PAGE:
Outside In continues the story of Trella the scrub. In the aftermath of the rebellion and the change of how things happen on the Inside, Trella continues to learn more and more about her world and the people in it. She explores even more of Inside than she thought was possible and discovers things she doesn't understand, meets people she never thought she would meet, and sees things that she could never really imagine before.

Outside In introduces some new characters to the world we read about in Inside Out, and I actually liked them enough to care if they died (that's kinda how I judge the coolness of characters...Would I care if they were suddenly slaughtered, murdered or fell off a cliff?). Trella was a pain in the butt in the first third of the book and I just got annoyed at her all the time, but thankfully her friends were pretty nifty characters so that made up for her.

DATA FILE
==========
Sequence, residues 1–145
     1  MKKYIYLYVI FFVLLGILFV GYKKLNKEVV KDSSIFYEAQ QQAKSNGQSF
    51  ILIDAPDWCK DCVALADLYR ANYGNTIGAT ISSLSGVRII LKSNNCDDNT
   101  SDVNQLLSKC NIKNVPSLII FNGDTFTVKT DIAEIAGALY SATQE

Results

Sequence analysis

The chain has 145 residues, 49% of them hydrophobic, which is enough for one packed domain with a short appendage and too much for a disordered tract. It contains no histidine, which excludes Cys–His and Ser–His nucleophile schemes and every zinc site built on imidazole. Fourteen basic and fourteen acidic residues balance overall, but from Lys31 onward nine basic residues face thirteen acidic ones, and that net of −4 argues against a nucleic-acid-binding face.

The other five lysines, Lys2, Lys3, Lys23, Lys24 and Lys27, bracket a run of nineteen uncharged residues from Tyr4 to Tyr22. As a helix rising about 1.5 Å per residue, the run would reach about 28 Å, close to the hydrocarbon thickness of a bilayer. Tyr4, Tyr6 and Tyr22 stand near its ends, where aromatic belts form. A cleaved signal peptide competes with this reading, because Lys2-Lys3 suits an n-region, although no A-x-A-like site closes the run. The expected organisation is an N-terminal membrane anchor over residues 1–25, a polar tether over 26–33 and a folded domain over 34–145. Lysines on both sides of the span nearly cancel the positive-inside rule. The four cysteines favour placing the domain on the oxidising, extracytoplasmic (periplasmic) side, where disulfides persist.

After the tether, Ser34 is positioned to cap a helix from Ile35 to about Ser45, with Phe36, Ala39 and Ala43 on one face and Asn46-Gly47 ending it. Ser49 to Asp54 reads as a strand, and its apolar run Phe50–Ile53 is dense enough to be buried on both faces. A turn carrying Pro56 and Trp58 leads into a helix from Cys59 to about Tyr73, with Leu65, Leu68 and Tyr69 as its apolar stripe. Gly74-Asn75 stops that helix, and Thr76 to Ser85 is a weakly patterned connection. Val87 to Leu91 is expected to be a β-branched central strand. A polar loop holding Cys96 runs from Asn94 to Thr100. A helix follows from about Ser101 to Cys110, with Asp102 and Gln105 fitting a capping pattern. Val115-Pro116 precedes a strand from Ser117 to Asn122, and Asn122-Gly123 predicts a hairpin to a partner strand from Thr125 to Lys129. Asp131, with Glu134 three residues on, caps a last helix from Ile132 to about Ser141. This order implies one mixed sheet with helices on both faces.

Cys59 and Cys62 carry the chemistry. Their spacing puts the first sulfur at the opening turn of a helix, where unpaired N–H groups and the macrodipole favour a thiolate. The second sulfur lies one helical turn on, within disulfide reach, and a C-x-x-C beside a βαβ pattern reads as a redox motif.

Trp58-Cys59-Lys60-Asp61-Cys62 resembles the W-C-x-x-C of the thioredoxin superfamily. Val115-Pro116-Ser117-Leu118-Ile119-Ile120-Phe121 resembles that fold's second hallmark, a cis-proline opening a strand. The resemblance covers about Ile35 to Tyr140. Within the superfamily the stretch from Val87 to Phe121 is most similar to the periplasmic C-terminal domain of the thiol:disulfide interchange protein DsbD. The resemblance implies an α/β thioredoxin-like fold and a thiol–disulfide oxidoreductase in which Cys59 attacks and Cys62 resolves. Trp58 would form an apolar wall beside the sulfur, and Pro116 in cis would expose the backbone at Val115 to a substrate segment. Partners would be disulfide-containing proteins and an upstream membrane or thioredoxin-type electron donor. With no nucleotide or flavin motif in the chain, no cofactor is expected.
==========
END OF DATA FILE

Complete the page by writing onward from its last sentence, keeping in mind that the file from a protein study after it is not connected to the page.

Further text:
The love interest, Riley, was cute in my head, but was super lame on paper. He was a strong sort of character in that he knew what he was doing and he just wanted the best for people etc etc - you know, all those good qualities in a dystopian male love interest - but he was just a little lame. He had a soft toy sheep called Sheepy for goodness sake! Cute if you're like...10 years old, but not when you're 17/18. And it wasn't like it was a one time 'here's my childhood toy, isn't it cute' kinda thing. It was mentioned nearly every conversation he had with Trella. So that was frustrating...but if you took out that, then it was okay.

The story went in a direction I wasn't really prepared for, in that the Inside, where they live, wasn't what I thought it was. But I think I was okay with that? I haven't really decided, to be honest, but there we have it. I don't know what else to say without giving anything else away, but it was a good second book, and while I have no idea if there's a third on or not (I can't seem to find it on Good Reads), if there was, I'd read it. I think if you read Inside Out, then you have to Outside In. It does answers questions and round some things off nicely.